The Afroqueerized Beekeeper

latinosexuality:

whenthespiritscall:

On Saturday, Oct, 12, Dr. Marta Moreno Vega, Director and Producer of When the Spirits Call, will be sitting next to these wonderful women of color for a conversation that will offer an original perspective and point of view about what does it mean to be a female documentarian of color. Panel will take place at LIU Brooklyn Campus. ADMISSION: $7/ Tickets in advance:https://definingmyselfreelsisters.eventbrite.com/

who is meeting me there?
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latinosexuality:

whenthespiritscall:

On Saturday, Oct, 12, Dr. Marta Moreno Vega, Director and Producer of When the Spirits Call, will be sitting next to these wonderful women of color for a conversation that will offer an original perspective and point of view about what does it mean to be a female documentarian of color. Panel will take place at LIU Brooklyn Campus. ADMISSION: $7/ Tickets in advance:https://definingmyselfreelsisters.eventbrite.com/

who is meeting me there?


Radical History Review: Water

dukeupress:

image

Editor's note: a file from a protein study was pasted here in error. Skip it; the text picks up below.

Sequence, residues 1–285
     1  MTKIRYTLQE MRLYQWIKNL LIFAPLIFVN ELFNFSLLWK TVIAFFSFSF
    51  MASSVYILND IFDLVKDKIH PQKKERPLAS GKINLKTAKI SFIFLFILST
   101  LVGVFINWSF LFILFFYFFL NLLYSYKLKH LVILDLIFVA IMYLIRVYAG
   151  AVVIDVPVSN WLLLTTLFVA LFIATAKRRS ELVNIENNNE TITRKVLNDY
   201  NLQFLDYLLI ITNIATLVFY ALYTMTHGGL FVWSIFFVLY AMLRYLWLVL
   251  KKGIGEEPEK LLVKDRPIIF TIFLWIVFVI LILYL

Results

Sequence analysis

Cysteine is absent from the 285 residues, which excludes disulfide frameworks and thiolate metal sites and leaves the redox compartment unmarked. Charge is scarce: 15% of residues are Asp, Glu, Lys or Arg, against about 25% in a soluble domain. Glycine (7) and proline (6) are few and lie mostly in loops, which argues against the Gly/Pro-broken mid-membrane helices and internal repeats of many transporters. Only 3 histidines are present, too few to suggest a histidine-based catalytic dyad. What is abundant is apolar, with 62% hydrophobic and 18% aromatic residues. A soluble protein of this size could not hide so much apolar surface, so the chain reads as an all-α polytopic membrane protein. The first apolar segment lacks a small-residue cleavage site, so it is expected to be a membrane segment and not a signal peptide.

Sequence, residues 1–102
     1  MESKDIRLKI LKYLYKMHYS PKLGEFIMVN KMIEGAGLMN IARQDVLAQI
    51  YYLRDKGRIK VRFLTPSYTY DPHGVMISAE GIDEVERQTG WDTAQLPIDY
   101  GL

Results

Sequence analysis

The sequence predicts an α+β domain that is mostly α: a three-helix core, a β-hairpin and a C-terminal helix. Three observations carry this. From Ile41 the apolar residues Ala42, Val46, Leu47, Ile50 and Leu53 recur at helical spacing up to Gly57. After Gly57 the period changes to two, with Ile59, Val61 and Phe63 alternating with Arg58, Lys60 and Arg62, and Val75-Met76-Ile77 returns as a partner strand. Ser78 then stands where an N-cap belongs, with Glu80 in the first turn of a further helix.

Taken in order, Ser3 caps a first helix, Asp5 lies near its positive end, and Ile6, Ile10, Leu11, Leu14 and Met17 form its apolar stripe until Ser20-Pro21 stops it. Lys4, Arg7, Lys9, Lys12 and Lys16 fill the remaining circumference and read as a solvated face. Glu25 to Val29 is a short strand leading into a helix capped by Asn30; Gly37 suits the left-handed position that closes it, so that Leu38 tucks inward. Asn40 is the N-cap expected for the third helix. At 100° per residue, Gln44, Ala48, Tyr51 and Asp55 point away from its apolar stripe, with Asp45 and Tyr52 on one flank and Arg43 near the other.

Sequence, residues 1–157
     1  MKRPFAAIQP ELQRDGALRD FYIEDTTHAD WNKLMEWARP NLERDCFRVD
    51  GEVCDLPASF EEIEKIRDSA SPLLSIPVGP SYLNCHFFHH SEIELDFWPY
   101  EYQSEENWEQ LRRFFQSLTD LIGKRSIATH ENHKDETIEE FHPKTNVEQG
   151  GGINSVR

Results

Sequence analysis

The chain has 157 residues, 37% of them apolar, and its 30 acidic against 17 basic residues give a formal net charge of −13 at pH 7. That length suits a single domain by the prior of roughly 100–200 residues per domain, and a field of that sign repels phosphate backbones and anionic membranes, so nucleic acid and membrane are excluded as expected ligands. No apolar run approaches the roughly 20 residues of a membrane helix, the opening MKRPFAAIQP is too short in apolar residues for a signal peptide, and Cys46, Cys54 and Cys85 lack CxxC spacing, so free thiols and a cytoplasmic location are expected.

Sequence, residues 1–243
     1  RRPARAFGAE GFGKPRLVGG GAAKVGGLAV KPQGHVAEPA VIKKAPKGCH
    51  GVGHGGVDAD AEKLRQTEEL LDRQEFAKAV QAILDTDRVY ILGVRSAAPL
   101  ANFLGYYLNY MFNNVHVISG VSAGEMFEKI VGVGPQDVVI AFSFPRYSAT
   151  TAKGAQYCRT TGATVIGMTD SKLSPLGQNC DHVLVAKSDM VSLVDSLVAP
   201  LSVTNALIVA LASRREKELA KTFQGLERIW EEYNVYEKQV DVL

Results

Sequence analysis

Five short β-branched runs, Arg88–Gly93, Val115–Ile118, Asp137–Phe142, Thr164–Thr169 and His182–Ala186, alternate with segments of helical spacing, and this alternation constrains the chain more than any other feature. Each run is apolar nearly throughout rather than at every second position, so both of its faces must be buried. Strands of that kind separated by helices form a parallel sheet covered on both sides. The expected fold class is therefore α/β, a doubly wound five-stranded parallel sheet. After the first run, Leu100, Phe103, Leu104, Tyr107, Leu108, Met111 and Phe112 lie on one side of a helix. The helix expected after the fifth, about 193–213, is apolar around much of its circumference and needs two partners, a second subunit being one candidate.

"Indeed, climate scientists tell us that dramatic shifts in weather, either too hot or too cold, too wet or too dry, will become commonplace, creating conditions where the struggles over and control of water will emerge as one of the central political, ecological, and public health issues of the twenty-first century." - Excerpt by David Kinkela, Teresa Meade, and Enrique Ochoa, editors, from "Water," in Radical History Review 116, Spring 2013


We cannot blame the US beekeepers for turning to chemical control methods to keep their colonies alive. Their option was to let their colonies die and not fulfill pollination contracts. If honey bee populations were allowed to crash from the mites, what would happen to the 615,000 acres (~250,000 hectares) of almond trees in California that require bee pollination all at once? Or 1,000 acres (~400 hectares) of blueber- ries in Maine? Or, 100 acres (~40 hectares) of apples in Washington, or even 50 acres (~20 hectares) of pumpkins in Minnesota? The simple fact is that the American public would not have tolerated a reduced crop of bee-pollinated fruits and vegetables for the ten to twenty years it would have taken for the honey bee population to naturally evolve defenses against the mites and build up to pre-mite population levels. It was in the immediate interests of most people to keep our fruits and vegetables pollinated by honey bees so we could continue to purchase inexpensive, well-formed, and succulent produce.

— from managing alternative pollinators (via farmerinthedelll)

(Source: gotthatglitteronmyeyes)